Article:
The public's attitude toward climate change is as variable as day-to-day weather patterns themselves, a new study shows.
A paper published in the aptly named Climatic Change
journal shows that according to twenty years of survey data, people are more likely to believe in climate change during especially cold or warm weather events, informs U.S. News & World Report
. And not surprisingly, when it comes to belief in global warming specifically, the public is more receptive of the idea when it's hot outside.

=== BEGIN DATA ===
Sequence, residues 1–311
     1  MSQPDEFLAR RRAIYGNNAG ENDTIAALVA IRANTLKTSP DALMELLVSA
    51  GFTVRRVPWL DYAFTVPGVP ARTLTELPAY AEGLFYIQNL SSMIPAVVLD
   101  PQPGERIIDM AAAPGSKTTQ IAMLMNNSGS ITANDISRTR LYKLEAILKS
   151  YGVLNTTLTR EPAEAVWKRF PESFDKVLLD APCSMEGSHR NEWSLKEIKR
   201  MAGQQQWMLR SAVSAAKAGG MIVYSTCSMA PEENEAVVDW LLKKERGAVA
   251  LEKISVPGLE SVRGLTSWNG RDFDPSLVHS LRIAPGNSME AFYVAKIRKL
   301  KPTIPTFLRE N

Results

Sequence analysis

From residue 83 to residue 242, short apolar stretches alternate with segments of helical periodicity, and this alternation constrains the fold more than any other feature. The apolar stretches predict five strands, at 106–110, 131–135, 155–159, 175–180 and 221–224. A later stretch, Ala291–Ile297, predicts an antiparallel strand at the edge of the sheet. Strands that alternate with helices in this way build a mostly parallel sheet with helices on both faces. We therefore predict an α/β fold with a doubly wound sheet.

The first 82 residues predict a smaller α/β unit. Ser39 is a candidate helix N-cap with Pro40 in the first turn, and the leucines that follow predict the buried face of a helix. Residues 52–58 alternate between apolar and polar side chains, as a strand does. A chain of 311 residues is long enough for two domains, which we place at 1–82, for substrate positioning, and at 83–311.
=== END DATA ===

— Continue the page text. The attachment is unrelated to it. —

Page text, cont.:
"What people are learning isn't going very deep," complains study author Simon Donner of the University of British Columbia. "If you had a fundamental feeling for the issue, your opinion wouldn't change with the weather."
Donner blames the press, in part, for preferring to publish stories about climate change during bouts of extreme weather. But the phenomenon isn't a "breaking story," he says, and shouldn't be treated as such:
"Scientists need to get used to being on offense more to make people realize this is an everyday issue - we can't get into the habit of only talking about it during the heat waves."
Via U.S. News & World Report